West Michigan VBAC Access Update

Source: 2015 Geocoded Michigan Birth Certificate Registry.
Division for Vital Records & Health Statistics, Michigan Department of Health & Human Services

A year ago, I wrote a blog about how hospital bans against vaginal birth after cesarean (VBAC) limit options for Muskegon families. I used birth data from the Michigan Department of Health and Human Services to compare percentages of people with low-risk pregnancies who have a cesarean after a prior cesarean in Muskegon and surrounding counties. Not surprisingly, VBACs are more common where hospitals support them.

The data available that I used was from 2008 to 2014. Since then, 2015 data has been released. I wanted to update this information to see if there were any changes, explore what might be impacting this change and predict how this situation might change in coming years based on current developments in healthcare policy and services.

Statewide, there has been improvement. In 2015, a total of 2,006 people had VBACs, compared to 1,882 in 2014, an increase of 124. When we look at West Michigan counties, however, only Muskegon County and District Health Department #10, which includes Oceana, Newaygo and eight other counties, saw an increase. Kent county births included 40 fewer VBACs and Ottawa county had 3 fewer than the year before.

There are a few issues with this data and that make it difficult to draw conclusions from. First, the two-to-three-year lag time from when the year ends until the data becomes available makes it less useful. We can reflect on what may have happened two years ago to impact these changes, but it is less relevant than being able to access real-time data. Secondly, the online database only provides this particular piece of information by county. In a large county, like Kent, it would be interesting to see how being in an urban, suburban or rural area or proximity to a specific hospital may impact access.

When applying this information to our doula practice, we see clients make a lot of different choices when it comes to choosing a provider and location for their planned VBAC. While some Muskegon area families are happy to travel to Spectrum Health Butterworth in Grand Rapids to deliver, others prefer the intimacy of the small practice at Gerber Memorial Women’s Health, also under Spectrum, in Fremont. Still others have decided to stay in Muskegon and show up in labor at Mercy Health Hackley, while home birth after cesarean (HBAC) is a clear choice for others.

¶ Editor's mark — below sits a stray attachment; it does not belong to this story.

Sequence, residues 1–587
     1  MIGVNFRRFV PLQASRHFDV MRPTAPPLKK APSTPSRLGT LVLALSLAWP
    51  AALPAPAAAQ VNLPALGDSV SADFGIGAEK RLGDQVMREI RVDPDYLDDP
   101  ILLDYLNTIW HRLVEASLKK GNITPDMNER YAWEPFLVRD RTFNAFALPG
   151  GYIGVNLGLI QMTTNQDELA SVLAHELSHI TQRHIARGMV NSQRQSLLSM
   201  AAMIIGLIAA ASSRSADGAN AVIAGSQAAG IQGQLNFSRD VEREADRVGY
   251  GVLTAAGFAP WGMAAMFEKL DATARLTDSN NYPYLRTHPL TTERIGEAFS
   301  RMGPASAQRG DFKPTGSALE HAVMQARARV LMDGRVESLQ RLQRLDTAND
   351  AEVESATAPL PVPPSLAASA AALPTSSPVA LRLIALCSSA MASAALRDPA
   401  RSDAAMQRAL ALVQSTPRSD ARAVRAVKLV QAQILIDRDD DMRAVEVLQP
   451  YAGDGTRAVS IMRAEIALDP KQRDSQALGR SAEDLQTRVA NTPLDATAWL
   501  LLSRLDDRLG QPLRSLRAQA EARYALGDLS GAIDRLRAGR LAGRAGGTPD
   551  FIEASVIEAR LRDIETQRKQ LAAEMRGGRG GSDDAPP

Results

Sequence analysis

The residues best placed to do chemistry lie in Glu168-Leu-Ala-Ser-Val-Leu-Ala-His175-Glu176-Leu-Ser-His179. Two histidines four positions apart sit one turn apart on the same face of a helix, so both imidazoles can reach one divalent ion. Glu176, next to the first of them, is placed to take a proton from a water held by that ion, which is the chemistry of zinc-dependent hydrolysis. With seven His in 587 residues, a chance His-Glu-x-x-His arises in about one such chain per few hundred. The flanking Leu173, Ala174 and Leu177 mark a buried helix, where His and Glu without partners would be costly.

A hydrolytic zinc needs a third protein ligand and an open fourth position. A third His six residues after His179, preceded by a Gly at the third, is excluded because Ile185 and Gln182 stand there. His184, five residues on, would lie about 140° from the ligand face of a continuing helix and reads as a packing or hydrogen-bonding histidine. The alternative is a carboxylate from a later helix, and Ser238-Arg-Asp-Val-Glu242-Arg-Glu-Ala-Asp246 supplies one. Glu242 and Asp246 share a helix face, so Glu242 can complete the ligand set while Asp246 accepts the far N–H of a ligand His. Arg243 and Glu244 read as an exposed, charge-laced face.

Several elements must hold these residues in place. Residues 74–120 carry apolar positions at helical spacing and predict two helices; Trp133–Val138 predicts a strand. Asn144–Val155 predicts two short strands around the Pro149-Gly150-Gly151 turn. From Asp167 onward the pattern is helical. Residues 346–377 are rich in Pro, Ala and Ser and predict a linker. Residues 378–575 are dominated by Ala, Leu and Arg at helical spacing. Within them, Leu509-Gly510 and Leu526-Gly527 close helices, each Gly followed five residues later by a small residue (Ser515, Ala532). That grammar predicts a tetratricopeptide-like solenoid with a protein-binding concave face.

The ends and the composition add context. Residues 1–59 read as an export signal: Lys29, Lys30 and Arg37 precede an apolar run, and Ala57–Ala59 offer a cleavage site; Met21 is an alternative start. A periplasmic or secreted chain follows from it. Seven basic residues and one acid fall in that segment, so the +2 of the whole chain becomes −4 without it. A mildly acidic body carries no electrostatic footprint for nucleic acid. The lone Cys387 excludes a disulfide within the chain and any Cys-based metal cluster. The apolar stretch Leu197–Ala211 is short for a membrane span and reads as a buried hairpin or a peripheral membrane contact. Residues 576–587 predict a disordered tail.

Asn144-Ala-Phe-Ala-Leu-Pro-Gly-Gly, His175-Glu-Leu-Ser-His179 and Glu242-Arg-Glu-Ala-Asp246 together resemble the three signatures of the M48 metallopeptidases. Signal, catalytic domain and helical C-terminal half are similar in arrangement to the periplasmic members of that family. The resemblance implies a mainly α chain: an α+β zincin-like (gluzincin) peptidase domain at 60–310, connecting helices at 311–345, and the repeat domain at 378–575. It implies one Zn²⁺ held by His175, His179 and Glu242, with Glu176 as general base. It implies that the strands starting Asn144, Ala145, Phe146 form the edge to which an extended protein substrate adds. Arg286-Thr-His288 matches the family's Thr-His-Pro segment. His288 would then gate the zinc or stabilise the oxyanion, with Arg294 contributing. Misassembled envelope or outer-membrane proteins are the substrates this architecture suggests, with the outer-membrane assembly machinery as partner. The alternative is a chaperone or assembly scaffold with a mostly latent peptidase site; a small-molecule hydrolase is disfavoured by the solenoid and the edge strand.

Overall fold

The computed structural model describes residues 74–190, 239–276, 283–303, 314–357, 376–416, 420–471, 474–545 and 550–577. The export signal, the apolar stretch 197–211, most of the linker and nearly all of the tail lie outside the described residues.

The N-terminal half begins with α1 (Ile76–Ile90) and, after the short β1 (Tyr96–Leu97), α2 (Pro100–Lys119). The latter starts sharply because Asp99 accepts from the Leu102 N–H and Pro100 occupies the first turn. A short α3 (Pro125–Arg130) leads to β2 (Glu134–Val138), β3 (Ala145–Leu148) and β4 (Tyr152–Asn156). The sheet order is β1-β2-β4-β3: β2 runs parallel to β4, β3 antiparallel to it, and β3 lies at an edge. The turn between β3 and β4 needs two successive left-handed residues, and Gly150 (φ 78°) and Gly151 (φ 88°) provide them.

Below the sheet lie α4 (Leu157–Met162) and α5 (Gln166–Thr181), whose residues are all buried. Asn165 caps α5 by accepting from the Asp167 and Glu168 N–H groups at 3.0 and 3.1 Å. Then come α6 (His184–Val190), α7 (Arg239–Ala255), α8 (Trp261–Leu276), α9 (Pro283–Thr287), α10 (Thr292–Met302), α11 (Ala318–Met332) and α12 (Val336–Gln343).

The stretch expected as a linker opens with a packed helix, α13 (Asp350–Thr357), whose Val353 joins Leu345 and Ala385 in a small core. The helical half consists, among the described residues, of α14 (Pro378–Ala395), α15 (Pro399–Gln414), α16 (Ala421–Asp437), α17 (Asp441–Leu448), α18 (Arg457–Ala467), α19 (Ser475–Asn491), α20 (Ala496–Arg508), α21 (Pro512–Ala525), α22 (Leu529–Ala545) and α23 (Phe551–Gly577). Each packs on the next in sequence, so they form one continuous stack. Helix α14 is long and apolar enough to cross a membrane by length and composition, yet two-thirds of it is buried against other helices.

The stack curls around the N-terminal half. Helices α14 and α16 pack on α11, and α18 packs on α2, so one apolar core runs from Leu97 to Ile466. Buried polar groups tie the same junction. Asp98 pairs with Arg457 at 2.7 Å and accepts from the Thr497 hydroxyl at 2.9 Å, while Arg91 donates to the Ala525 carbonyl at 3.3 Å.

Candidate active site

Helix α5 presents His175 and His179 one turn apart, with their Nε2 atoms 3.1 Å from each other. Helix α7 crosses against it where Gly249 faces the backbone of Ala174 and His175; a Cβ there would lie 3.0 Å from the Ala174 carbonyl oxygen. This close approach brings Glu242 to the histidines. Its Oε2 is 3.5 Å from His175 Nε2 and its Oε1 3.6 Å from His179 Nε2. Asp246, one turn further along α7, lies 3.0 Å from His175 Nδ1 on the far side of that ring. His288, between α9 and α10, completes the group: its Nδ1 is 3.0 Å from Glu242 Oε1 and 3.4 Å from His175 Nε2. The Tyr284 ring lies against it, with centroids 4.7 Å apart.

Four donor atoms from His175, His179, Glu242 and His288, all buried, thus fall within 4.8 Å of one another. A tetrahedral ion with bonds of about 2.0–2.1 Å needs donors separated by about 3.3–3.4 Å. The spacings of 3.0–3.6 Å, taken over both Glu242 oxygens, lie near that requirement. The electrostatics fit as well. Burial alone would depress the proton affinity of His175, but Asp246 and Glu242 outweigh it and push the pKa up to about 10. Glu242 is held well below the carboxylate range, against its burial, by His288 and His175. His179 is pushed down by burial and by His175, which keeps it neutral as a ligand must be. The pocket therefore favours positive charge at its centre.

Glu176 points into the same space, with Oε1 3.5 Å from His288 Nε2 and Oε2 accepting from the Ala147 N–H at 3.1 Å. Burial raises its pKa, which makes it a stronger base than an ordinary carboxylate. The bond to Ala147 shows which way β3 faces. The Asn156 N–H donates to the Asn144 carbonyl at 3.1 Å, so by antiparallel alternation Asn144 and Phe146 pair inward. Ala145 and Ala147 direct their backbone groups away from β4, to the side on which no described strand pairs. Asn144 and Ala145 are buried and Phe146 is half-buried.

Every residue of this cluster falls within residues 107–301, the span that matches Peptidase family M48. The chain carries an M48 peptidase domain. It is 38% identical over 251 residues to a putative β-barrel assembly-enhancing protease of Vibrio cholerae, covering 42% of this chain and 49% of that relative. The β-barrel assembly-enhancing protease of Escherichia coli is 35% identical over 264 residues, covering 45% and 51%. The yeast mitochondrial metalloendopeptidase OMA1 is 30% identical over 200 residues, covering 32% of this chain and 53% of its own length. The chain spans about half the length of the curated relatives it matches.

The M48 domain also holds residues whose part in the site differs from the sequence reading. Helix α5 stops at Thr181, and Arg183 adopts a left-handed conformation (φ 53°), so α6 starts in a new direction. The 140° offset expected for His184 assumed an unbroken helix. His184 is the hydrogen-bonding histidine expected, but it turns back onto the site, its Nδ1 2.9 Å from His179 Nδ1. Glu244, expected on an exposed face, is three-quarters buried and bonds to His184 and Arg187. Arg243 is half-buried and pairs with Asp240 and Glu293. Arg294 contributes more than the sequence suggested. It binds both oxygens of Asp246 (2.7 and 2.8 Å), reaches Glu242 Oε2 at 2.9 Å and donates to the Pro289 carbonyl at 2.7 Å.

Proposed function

Things may change in 2018. Dr. Tami Michele, who has practiced at Spectrum Health Gerber Memorial for many years, is switching over to Spectrum Health Medical Group Ob/Gyn, with locations on 68th St. and on Mid Towne in Grand Rapids. Some say the move is to help increase the access to VBACs at Butterworth, which serves more patients. Dr. Michele is former doula, whose advocacy for those who wish to plan a VBAC has earned her a national reputation. What is less known at this time is how her moving from a small, rural hospital to a large metropolitan one will impact access to VBACs for those outside of Grand Rapids. Some will surely follow her, while others may feel that they lost a resource.

Another recent change on the national landscape was the publication of the American Congress of Obstetricians and Gynecologists updated guidelines on VBAC, which appeared in the November issue of Obstetrics and Gynecology. According to Mark Turrentine, MD, chair of ACOG’s Committee on Practice Bulletins-Obstetrics, the guidelines are meant to ensure delivery at the safest facility, “However, this absolutely should not result in women having limited access to VBAC.”

According to Jen Kamel, founder of VBACFacts.com, the guidelines are an improvement over those released in 2010. She quotes the new guidelines, “Available data confirm that TOLAC [trial of labor after cesarean] may be safely attempted in both university and community hospitals and in facilities with or without residency programs.” She interprets this to mean that if a hospital can handle deliveries, they should offer VBAC, because an emergency cesarean may be required in any birth, even a low-risk one.

How local staff changes and changes in the ACOG guidelines will impact local access remains to be seen. Will more people be able to access VBACs at Butterworth, or will support at Gerber decline? Will the 2017 ACOG guidelines result in a reversal of bans at Mercy Health Hackley, North Ottawa Community Hospital and Spectrum Health Gerber Memorial, or will the liability concerns prevail? Time will tell, but we won’t be able to see the data until 2020!

In the meantime, we will continue to support families in all their choices, whether they choose a repeat cesarean, a VBAC at a hospital or birth center of their choice, or at home.

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